Anointing of the Sick
Anointing of the Sick is bestowed upon anyone who is in a moment of distress in their life and is in need of God's grace and mercy to be restored to full health. In the past, this was referred to Extreme Unction, Last Rites, or the Final Anointing, and was typically only offered to someone in an extreme circumstance and being faced with death. Today, there is a broader understanding of the sacrament as a ritual of healing appropriate not only for physical but also for mental and spiritual sickness. It is therefore administered to anyone who is in sickness, distress, or old age. Through this sacrament, the Church comforts and supports the person who is suffering and continues the healing ministry of Christ. For those who are about to die, the Church, in addition to the Anointing of the Sick, offers the Eucharist as viaticum – food for the journey home.
Common Questions - Anointing of the Sick
Bringing spiritual and, sometimes, physical strength in times of illness or impending death.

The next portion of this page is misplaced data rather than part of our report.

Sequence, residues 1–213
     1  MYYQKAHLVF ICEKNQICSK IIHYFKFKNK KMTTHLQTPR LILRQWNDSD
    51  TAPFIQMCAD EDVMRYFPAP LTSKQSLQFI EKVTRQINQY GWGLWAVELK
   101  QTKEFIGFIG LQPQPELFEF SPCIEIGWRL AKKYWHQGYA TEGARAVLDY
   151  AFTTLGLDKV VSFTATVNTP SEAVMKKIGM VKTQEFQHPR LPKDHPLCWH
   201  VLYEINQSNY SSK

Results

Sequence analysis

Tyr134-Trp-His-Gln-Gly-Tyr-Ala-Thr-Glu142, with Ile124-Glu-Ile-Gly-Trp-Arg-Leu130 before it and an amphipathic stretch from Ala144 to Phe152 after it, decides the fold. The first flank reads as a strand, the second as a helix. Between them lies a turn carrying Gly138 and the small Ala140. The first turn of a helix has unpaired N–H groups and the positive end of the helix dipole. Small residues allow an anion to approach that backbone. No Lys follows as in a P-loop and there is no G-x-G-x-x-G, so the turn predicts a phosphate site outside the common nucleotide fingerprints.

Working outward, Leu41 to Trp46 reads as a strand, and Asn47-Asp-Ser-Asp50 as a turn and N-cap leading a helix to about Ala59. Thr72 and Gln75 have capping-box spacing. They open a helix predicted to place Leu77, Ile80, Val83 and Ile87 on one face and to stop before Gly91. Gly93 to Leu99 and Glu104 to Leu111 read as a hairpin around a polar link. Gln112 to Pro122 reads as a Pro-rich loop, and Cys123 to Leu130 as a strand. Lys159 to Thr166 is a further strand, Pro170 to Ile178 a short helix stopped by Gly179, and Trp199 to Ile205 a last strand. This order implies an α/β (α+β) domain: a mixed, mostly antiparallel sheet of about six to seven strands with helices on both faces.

“The Anointing of the Sick ‘is not a sacrament for those only who are at the point of death. Hence, as soon as anyone of the faithful begins to be in danger of death from sickness or old age, the fitting time for him to receive this sacrament has certainly already arrived.’ If a sick person who received this anointing recovers his health, he can in the case of another grave illness receive this sacrament again. If during the same illness the person's condition becomes more serious, the sacrament may be repeated. It is fitting to receive the Anointing of the Sick just prior to a serious operation. The same holds for the elderly whose frailty becomes more pronounced.” (Catechism of the Catholic Church, 1514-1515].
The Anointing of the Sick was traditionally referred to as Extreme Unction or Last Rites, perhaps giving the illusion that the sacrament is meant only for those who are at the point of death.
“In addition to the Anointing of the Sick, the Church offers those who are about to leave this life the Eucharist as viaticum. Communion in the body and blood of Christ, received at this moment of ‘passing over’ to the Father, has a particular significance and importance. It is the seed of eternal life and the power of resurrection, according to the words of the Lord: ‘He who eats my flesh and drinks my blood has eternal life, and I will raise him up at the last day.’ The sacrament of Christ once dead and now risen, the Eucharist is here the sacrament of passing over from death to life, from this world to the Father.” (Catechism of the Catholic Church, 1524).